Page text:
Starry Night is a special event. One which encompasses the excitement of visiting a place after hours; where, as the sun sets and the lanterns illuminate, the familiar is transformed. Paths become star-studded trails through the twilight, giant luminous mushrooms spring from the ground, and that fairy princess who offers you wishes may just be the real deal. Even the older ones in the crowd can’t help but feel like a kid allowed up past their bedtime. And the best part of this event is that learning is at the centre of it all.
Groups like Friends of Semiahmoo Bay Society, Science World, and yours truly set up tents that offer educational activities like touch tanks, potato-powered music, or even a glimpse at a real-life barn owl! Last year, BCWF offered a mysterious giant turtle shell as our main activity (read about it here) and this year we were determined to bring a new activity that would be just as exciting. Enter our “Wetland Jenga”.
Created just days before the event, this giant and colourful take on the block-pulling classic had participants learning how invasive species could negatively affect wetland health. With each block representing a species that uses wetlands (whether it be the common Cattail or elusive Pacific Water Shrew), two towers of equal height were constructed to each represent a singular wetland. The difference? One wetland was full of pieces that didn’t belong! Misshapen pieces were placed within one tower to represent invasive species like the American Bullfrog. Predictably, the tower full of invasive species would collapse long before it could reach the height of the healthier and more stable tower/wetland. The new game was a hit with children of all ages and demonstrated in a fun (and sometimes crashing!) fashion how we should do our best to keep invasives out of our wetlands.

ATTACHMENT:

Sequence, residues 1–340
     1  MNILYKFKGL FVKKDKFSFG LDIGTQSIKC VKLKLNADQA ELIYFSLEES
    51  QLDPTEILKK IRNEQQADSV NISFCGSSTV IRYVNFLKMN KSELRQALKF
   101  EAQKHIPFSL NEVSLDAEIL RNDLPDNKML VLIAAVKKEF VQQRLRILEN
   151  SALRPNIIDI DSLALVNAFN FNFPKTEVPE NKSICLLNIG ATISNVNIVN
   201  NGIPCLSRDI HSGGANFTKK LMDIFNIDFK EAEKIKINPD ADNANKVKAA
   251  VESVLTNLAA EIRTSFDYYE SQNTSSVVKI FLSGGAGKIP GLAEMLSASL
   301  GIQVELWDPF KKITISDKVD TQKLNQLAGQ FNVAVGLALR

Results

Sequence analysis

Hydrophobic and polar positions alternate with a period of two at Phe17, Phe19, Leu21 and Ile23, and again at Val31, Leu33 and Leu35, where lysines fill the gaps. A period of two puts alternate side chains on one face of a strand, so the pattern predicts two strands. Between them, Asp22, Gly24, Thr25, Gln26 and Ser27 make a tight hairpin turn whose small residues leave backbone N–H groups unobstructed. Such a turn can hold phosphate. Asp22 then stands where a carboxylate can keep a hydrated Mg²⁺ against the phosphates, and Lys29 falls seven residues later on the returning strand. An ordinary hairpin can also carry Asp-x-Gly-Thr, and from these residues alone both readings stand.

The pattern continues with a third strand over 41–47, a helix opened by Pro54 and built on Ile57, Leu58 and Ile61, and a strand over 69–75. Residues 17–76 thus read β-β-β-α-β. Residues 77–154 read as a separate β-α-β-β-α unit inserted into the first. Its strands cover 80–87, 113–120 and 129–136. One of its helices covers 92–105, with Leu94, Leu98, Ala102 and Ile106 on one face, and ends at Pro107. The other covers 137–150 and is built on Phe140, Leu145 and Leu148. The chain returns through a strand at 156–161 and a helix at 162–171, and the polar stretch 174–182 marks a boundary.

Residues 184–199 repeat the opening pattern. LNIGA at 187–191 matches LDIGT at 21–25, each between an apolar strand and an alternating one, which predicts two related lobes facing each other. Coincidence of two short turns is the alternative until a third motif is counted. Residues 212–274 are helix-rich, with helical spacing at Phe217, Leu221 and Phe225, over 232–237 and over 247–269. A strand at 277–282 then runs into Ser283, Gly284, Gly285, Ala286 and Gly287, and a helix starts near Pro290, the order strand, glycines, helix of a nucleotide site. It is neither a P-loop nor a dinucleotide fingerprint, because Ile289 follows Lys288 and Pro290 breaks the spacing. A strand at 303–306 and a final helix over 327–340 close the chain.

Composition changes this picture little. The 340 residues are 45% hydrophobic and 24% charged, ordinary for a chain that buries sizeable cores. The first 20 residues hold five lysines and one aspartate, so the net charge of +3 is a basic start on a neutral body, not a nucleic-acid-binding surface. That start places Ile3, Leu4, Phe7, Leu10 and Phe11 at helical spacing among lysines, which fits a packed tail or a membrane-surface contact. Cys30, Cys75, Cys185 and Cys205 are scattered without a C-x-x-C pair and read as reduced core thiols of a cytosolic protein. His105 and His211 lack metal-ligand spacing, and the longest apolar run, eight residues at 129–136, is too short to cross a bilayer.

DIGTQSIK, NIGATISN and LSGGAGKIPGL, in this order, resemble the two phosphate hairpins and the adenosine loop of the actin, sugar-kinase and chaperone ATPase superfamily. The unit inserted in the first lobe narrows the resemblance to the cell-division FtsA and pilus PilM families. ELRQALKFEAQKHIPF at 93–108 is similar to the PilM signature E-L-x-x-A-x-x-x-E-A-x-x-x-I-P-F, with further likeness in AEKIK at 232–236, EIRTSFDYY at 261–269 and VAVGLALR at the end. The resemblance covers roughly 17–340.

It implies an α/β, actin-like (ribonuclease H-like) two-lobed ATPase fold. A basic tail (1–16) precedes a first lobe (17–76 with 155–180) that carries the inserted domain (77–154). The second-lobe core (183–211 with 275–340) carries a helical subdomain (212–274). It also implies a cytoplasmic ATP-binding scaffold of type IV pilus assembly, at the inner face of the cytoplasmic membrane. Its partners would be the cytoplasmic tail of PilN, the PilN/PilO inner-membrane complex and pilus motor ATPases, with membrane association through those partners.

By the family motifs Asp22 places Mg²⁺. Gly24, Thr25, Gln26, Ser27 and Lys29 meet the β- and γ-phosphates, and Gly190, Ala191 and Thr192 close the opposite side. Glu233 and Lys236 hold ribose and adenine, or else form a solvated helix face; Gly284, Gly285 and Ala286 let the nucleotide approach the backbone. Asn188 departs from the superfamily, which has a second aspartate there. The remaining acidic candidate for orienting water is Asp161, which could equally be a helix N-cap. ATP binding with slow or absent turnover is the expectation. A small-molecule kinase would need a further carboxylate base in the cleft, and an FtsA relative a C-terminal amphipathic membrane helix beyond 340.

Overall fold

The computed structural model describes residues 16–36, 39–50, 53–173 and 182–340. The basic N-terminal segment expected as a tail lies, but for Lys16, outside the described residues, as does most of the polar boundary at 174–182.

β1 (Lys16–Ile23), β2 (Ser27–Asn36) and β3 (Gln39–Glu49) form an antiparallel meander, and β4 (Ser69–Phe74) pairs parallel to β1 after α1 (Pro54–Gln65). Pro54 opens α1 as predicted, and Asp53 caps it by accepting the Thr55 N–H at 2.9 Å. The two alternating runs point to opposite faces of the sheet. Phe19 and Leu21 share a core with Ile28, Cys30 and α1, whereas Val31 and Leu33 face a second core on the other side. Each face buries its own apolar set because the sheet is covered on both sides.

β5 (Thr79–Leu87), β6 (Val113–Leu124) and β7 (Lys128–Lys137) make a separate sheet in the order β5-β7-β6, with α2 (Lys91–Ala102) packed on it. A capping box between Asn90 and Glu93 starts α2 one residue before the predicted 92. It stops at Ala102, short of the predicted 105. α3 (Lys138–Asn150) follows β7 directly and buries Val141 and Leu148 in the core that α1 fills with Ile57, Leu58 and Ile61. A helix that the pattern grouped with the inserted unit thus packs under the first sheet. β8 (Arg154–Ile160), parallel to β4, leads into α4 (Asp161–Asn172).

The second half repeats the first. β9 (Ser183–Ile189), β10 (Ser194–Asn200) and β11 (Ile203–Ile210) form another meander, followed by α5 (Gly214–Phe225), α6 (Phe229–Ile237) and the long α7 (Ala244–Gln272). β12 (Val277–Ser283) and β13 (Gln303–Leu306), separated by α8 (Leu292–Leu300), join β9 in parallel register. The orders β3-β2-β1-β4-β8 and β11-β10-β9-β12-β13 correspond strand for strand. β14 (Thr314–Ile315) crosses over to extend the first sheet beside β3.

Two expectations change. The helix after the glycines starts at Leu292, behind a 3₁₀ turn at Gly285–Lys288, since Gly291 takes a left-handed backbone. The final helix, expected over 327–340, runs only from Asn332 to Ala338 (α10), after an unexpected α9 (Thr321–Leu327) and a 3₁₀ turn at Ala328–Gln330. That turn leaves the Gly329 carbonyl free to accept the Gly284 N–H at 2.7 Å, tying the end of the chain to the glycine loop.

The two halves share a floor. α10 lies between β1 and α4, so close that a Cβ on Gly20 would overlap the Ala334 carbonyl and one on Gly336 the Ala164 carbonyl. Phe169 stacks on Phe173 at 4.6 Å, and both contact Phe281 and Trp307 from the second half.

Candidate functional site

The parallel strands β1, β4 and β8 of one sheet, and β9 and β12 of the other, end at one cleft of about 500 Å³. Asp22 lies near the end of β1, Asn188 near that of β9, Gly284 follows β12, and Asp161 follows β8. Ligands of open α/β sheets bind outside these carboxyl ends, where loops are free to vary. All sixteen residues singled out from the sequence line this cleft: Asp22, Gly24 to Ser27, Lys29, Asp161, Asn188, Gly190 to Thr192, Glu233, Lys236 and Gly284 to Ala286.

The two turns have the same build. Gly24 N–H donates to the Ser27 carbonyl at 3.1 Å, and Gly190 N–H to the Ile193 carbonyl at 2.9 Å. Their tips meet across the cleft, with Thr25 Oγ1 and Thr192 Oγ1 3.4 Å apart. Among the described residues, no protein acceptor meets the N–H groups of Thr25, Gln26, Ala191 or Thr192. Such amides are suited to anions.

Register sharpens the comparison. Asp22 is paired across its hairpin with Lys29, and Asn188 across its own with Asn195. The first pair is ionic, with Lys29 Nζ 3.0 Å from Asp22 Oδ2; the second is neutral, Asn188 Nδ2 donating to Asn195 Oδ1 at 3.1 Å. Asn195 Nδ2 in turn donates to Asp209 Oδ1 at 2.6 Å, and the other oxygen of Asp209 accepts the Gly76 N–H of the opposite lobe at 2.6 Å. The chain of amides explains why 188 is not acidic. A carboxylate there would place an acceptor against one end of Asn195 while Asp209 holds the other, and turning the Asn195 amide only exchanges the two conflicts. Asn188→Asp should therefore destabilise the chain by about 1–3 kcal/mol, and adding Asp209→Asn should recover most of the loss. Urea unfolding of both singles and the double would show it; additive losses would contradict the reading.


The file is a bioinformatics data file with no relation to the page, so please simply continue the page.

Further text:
For those who wanted to learn more, our wetland model was also on display. The lantern light’s soft glow had many people thinking the turtles, frogs, and plants were real! This model showed two different types of wetlands: one that was healthy, and one that was not. Even though they both were teeming with life and rather pretty, upon closer inspection you could see that one side had invasive species like Himalayan Blackberry, garbage like cigarette butts, or other damage to the landscape. Even adults were very curious as to why two seemingly identical turtles were on opposing sides of the model (one was the native Western Painted Turtle while the other was in fact the invasive Red-Eared Slider).
According to the event organiser, Metro Vancouver, 1200 people attended the event this August 19th. With BCWF’s tent sometimes packed wall to wall with visitors I can safely say it was a very popular event. Special thanks to Metro Vancouver for once again inviting us to Starry Night, Wildlife Habitat Canada for sponsoring our attendance, and to the 2017 Wetlands Intern, Hailey May, who eagerly and speedily constructed the “Wetland Jenga” game.